Keeping VHS tapes in a box for five years and moving them from Minnesota to LA to Northern California, often in checked baggage or on the back of a pickup truck, isn't exactly a recipe to improve the already questionable picture quality of half-inch magnetic tape. The footage just looked terrible. As I edited Skate Warrior, I kept wondering if the effort was justified. We were kids when we shot it and it showed up. This was going to be a terrible movie.
If I had finished Skate Warrior on tape in college with the incredibly limited post tools I had back then, it would have been an impressive feat, how the hell did you do it? Years later, when you wasted that sophomoric albatross with the same VFX resources that I used in a Star Wars movie, people just asked, "Why the hell did you do this?"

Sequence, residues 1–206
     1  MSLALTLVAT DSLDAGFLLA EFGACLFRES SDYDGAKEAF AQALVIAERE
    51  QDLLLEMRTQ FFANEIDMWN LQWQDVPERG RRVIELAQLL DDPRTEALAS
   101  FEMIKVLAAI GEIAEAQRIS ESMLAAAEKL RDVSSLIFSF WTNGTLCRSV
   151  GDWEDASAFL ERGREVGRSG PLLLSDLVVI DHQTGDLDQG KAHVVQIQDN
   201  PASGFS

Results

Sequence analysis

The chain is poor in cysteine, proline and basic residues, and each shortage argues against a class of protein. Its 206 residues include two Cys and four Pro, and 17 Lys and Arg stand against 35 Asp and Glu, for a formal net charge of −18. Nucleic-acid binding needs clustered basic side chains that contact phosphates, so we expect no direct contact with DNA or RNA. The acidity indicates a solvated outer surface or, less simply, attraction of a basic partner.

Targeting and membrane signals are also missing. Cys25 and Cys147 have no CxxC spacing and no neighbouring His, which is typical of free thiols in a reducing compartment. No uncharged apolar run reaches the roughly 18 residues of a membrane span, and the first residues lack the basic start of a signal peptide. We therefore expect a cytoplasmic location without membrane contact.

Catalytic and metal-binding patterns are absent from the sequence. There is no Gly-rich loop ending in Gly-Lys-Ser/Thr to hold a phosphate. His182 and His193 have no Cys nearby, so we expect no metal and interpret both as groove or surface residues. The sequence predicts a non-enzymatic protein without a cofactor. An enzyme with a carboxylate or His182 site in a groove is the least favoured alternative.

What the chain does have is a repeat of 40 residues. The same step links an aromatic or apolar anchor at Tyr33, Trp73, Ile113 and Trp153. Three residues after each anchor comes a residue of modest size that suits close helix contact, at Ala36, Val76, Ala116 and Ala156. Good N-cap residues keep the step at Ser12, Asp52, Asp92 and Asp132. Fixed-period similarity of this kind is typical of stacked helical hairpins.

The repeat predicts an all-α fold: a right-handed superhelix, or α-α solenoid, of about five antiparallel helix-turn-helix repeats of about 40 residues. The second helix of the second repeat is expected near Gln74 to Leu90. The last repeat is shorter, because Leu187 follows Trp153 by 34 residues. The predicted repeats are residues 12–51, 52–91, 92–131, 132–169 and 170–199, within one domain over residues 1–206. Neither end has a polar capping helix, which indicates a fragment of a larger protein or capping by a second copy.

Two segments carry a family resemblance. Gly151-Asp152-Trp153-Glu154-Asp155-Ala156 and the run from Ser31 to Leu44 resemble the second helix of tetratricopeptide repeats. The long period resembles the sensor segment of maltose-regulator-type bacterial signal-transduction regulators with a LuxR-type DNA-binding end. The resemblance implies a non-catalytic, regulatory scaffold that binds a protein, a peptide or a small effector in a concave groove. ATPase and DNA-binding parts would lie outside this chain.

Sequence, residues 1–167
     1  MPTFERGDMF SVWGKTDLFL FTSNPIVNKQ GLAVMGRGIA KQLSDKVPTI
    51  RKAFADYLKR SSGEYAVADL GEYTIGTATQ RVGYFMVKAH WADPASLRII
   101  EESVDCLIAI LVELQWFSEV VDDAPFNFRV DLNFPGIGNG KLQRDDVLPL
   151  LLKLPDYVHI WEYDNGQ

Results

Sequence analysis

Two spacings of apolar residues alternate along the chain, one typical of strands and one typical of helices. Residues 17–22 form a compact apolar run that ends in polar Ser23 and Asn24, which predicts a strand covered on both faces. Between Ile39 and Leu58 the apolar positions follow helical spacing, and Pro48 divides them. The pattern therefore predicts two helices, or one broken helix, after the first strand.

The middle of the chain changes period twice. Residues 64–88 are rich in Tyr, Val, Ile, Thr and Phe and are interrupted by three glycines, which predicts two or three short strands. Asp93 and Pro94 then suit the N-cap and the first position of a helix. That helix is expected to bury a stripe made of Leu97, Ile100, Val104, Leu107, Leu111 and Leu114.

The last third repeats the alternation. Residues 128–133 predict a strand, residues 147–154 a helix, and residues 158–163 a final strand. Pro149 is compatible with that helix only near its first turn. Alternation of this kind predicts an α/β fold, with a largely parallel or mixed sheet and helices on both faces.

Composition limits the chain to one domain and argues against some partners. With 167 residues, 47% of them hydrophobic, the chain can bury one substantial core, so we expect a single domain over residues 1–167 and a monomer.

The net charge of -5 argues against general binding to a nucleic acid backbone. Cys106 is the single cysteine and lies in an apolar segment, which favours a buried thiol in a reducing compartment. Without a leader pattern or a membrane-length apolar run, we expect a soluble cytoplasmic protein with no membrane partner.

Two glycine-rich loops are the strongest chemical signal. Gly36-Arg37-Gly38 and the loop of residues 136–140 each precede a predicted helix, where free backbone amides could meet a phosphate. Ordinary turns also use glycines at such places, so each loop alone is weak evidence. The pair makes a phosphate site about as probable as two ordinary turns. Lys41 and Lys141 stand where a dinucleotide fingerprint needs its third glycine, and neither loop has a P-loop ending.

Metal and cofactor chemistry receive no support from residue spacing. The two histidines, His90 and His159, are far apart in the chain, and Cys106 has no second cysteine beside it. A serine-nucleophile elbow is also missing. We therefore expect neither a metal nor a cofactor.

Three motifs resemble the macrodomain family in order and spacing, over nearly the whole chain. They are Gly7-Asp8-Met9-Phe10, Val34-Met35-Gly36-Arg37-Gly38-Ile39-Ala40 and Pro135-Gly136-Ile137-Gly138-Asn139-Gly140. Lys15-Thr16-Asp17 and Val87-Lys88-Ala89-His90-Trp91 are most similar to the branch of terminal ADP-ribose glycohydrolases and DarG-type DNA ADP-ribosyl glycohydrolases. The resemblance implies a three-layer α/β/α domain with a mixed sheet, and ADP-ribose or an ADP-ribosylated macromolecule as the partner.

But the busier I am with my day job, the more I pursue my secondary interests – and I was actually very busy back then. During the breaks from the animation of Naboo Starfighters, between 1997 and 1999 I took over 130 Skate Warrior VFX recordings with ElectricImage and After Effects.
I saved all files on this single 5 GB hard drive.
And then I was … done?
In 1999, I "finished" the film, including a better score than Mike Berkley deserved, and the sound design by Last Birthday Card composer David Levison. I somehow got permission to use two songs from a ska band because it was the 90s. With my brand new VX1000 DV camera, I even shot the “skate sequence” I always imagined for the opening of the film in San Francisco.
Skate Warrior was done. I was almost ready to render it.
Then I left ILM and took my 5 GB drive with me.
And put it in a box for 20 years.